ArvinMeritor Inc. uses online reverse auctions - where the lowest price can win the bid - to purchase injection-molded parts, steel tubing and fasteners.
To sell plant equipment, the Tier 1 supplier uses forward auctions to get the highest prices.
The Troy, Mich., company is a prime example of how suppliers increasingly are using the Internet to buy and sell components, equipment and office supplies to trim costs and cut purchasing time.
An Original Equipment Suppliers Association survey found large companies such as ArvinMeritor lead the way, but 50 percent of suppliers are engaged in e-procurement.
The survey focused on indirect materials such as office supplies and goods other than production-ready components.
It found that 45 percent of the respondents already are using Web auctions.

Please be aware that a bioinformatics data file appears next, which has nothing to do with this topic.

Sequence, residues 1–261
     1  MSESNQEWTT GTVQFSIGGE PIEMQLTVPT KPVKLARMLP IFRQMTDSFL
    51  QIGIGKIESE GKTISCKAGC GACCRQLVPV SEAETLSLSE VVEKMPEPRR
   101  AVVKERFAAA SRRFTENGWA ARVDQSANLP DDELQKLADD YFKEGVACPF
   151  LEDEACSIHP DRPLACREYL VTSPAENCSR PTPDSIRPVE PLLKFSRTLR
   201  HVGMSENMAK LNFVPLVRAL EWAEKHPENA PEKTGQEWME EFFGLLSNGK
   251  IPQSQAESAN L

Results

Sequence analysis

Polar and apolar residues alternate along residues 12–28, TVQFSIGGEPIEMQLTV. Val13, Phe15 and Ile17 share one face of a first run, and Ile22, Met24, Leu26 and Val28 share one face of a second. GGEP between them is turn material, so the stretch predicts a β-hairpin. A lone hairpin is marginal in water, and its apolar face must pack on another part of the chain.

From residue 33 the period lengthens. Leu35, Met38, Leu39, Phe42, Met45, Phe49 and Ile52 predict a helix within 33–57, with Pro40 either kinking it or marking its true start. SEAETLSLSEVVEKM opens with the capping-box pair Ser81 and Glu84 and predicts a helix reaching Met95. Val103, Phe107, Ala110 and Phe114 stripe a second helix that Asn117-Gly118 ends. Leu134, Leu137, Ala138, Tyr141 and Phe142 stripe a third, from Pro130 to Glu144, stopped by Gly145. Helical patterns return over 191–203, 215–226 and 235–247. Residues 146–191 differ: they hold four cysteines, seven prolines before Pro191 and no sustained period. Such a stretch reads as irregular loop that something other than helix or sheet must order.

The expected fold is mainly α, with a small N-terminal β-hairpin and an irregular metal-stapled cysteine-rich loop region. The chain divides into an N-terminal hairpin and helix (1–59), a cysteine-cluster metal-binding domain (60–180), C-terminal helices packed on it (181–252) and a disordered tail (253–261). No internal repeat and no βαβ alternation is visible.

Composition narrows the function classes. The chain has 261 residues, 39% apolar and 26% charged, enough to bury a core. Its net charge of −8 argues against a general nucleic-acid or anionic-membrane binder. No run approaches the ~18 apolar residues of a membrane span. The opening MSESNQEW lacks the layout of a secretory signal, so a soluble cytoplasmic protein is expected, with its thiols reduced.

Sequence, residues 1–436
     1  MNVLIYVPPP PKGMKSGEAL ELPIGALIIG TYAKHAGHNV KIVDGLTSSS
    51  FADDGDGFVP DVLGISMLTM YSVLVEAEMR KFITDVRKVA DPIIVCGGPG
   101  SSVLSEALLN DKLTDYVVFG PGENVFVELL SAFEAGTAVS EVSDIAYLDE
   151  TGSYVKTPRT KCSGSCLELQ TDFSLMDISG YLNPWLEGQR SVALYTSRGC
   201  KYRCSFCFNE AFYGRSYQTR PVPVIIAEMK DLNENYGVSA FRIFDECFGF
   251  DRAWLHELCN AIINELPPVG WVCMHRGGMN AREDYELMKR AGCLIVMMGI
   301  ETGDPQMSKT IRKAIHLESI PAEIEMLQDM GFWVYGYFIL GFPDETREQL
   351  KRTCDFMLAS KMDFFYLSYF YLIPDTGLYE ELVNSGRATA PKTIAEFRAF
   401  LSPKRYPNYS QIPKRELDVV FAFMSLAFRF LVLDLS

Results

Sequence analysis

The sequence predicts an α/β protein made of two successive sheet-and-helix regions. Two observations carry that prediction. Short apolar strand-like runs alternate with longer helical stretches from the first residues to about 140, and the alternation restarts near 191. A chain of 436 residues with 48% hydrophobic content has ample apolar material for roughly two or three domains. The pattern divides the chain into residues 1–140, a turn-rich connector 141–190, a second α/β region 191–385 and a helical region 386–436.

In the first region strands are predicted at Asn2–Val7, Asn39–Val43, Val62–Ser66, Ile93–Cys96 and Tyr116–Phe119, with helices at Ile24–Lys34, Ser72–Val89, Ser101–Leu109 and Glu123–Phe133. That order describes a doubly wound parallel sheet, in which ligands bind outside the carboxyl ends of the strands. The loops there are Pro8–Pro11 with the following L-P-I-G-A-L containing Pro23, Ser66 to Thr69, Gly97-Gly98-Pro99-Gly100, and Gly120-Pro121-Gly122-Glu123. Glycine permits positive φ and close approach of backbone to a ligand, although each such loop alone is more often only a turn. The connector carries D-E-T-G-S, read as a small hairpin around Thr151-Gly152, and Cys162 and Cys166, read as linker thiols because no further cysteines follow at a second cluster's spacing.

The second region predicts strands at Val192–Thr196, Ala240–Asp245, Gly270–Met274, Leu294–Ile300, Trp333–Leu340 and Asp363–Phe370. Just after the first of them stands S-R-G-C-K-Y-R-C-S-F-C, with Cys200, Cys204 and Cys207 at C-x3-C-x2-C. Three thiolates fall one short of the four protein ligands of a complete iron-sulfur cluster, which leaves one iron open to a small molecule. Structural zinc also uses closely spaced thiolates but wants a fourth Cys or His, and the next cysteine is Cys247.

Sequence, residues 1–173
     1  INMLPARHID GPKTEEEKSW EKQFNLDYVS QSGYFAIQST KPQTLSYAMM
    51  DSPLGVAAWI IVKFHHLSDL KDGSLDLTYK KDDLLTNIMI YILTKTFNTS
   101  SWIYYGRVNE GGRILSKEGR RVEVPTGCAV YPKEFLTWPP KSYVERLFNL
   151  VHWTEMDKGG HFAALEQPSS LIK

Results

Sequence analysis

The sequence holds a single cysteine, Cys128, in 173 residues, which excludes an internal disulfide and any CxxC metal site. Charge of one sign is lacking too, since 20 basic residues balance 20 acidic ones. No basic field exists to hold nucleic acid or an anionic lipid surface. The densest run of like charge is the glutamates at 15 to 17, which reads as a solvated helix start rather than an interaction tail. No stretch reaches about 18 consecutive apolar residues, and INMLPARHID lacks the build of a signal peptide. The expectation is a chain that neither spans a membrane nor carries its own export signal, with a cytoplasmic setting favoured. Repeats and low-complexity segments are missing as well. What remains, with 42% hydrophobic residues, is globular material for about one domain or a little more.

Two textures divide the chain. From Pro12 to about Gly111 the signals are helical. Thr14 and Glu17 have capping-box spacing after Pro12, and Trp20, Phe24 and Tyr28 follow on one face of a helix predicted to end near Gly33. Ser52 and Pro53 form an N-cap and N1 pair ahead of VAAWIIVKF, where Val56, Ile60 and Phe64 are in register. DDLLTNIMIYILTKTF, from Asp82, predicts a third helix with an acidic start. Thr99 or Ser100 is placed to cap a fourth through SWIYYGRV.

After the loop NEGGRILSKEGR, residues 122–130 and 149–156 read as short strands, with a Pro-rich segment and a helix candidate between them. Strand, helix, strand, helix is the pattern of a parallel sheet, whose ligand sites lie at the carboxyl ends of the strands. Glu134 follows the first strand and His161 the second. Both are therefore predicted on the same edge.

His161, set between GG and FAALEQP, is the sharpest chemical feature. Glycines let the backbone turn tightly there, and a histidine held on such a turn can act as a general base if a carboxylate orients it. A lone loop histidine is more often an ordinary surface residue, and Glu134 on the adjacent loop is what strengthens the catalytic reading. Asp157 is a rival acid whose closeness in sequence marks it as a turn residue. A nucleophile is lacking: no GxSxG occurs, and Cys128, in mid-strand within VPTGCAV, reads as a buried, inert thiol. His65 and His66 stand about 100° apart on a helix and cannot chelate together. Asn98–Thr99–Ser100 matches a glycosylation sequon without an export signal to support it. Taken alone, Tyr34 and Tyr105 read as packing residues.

Some companies are going forward based on intuition rather than on proven return on investment.
When asked why they have not selected an e-procurement tool, 58 percent said they need to define e-procurement goals.
Another 27 percent said they were waiting for Covisint, the Big 3's online trade exchange, to become fully operational.
'I think the challenge Covisint has right now is to be cost competitive and functionally competitive with some of the other services out there,' said Bob Brennan, ArvinMeritor vice president of information technology for commercial vehicle systems.
ArvinMeritor, which has done several pilot auctions through Covisint, has conducted regular Web auctions through FreeMarkets Inc. and with a desktop e-procurement program.
In a current pilot, ArvinMeritor cut the administrative cost of a purchase order from $90 to $5, and per-order time from 182 minutes to 22 minutes.